Current reports indicate that around 1 in 10 adults who usually use marijuana normally end up getting addicted. Your chances of developing an addiction are higher, i.e., 1 to 6 if you are under the age of 18 years.

In 2015 alone, almost 4 million in the US met the diagnostic criteria for addiction or marijuana use disorder. Out of this number, only 138,000 people voluntarily sought professional assistance for marijuana use.

Why Is Marijuana (Mostly) Illegal, and Where Is It Legal?

Marijuana is mostly illegal since it’s classified federally as a Schedule I drug under the Controlled Substances Act. This means that the government believes it has a high potential for abuse and has no medical use. Thus, cultivating, processing, and distributing marijuana is illegal at the federal level.

As of June 2022, 38 states in America have legalized the medicinal use of cannabis. This includes Alaska, Arizona, Illinois, Louisiana, Florida, New York, Alabama, Washington, and Pennsylvania. Please take note that each jurisdiction has its unique way of regarding the conditions that cannabis can be prescribed.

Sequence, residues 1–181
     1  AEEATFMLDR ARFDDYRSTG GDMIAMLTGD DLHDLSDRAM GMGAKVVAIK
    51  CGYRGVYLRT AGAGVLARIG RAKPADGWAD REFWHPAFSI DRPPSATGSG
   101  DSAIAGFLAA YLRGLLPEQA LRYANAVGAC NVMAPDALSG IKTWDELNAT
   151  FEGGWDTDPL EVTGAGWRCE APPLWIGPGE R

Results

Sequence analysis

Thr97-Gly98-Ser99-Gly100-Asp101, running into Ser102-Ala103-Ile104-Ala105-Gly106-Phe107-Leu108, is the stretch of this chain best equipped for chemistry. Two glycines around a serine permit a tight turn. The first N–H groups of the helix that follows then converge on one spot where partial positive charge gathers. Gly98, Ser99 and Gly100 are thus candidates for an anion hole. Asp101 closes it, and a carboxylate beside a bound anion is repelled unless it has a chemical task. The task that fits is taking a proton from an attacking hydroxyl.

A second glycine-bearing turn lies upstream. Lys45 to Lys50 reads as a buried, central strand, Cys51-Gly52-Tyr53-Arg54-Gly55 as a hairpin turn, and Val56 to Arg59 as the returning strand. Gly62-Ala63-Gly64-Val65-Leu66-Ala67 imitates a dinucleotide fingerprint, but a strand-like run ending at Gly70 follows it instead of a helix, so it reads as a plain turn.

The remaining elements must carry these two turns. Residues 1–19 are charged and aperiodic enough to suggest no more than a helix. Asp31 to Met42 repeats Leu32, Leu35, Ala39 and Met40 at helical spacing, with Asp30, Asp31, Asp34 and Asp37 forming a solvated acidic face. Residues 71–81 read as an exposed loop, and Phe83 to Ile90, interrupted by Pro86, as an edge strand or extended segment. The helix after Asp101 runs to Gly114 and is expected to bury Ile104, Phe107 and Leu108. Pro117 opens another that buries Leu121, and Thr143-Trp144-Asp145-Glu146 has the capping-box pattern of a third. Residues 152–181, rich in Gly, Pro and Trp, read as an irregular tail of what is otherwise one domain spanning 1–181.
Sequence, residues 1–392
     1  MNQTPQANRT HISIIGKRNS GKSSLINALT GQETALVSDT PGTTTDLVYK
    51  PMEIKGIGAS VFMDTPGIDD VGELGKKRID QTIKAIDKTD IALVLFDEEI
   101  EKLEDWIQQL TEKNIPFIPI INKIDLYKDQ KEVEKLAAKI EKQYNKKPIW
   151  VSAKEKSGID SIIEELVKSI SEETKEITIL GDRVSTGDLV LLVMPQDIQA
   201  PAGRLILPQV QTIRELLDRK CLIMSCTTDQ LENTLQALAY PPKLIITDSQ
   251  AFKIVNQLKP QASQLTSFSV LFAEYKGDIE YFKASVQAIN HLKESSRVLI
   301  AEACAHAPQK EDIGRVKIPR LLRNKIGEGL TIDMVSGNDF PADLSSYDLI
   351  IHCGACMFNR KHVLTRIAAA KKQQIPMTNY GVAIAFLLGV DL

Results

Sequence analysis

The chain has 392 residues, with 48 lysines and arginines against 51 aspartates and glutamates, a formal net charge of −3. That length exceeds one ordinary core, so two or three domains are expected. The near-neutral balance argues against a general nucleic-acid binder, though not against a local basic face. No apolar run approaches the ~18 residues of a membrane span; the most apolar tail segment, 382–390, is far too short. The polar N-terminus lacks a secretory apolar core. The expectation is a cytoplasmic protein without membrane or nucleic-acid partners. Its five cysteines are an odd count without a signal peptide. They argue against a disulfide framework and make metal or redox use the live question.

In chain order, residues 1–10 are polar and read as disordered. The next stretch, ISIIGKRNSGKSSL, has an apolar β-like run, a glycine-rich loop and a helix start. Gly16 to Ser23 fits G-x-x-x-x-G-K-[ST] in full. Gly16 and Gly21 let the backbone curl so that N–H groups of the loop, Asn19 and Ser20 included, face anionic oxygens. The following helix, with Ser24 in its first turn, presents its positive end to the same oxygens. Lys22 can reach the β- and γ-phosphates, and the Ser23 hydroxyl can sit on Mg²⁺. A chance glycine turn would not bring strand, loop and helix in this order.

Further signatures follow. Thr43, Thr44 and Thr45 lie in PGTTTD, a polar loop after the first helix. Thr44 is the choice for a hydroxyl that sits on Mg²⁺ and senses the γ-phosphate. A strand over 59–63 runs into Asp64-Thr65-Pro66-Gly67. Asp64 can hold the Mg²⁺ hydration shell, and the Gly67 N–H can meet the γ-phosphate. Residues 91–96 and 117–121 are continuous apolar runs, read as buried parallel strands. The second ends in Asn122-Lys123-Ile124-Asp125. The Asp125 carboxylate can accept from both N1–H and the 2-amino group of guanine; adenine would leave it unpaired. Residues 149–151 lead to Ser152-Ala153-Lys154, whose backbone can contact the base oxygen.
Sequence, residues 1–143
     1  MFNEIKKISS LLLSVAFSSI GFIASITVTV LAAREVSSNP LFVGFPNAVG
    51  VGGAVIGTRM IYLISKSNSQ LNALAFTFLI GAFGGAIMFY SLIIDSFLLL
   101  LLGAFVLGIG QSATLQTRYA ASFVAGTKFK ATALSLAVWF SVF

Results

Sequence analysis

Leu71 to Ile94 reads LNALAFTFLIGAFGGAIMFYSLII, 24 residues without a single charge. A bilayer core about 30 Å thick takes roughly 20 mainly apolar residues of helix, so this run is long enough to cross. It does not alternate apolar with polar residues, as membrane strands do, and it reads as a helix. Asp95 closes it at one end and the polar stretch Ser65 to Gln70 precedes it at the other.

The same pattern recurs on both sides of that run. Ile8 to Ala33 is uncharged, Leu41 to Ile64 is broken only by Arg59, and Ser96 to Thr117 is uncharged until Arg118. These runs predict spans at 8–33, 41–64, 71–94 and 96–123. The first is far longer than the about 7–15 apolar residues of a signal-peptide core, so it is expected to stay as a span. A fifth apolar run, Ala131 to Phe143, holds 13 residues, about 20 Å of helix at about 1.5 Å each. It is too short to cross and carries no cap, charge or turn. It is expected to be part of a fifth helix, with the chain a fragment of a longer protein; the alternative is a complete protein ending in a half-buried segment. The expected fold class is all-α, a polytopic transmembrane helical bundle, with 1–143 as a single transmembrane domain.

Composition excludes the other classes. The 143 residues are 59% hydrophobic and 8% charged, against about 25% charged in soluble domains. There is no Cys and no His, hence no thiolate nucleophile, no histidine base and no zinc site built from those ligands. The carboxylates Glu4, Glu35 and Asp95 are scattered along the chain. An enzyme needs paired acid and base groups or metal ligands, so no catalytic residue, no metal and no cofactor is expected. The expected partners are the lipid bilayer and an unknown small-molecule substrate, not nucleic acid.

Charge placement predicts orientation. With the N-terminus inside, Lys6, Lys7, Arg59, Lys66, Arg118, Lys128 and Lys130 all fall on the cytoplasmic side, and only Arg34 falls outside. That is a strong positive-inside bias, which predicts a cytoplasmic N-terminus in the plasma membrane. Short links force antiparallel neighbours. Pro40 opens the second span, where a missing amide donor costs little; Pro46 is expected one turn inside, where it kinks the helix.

Besides that, each has its legal framework regarding the amounts and processes of issuing medical marijuana products to qualified residents.

Final Thoughts

Marijuana is commonly used for entertainment purposes. It has the psychoactive THC content that normally alters how the mind functions, resulting in euphoric highs. However, marijuana also has other cannabinoids, such as CBD, which help promote wellness.

As a result, you can use it to treat chronic pain, anxiety, arthritis, nausea, and vomiting, among other conditions. But while using it, ensure that it’s in moderate amounts since higher doses can result in unwanted side effects.

It’s also important to understand that marijuana isn’t legal federally in the US. As a result, ensure that you understand your state’s laws before you start cultivating, processing, distributing, and using marijuana.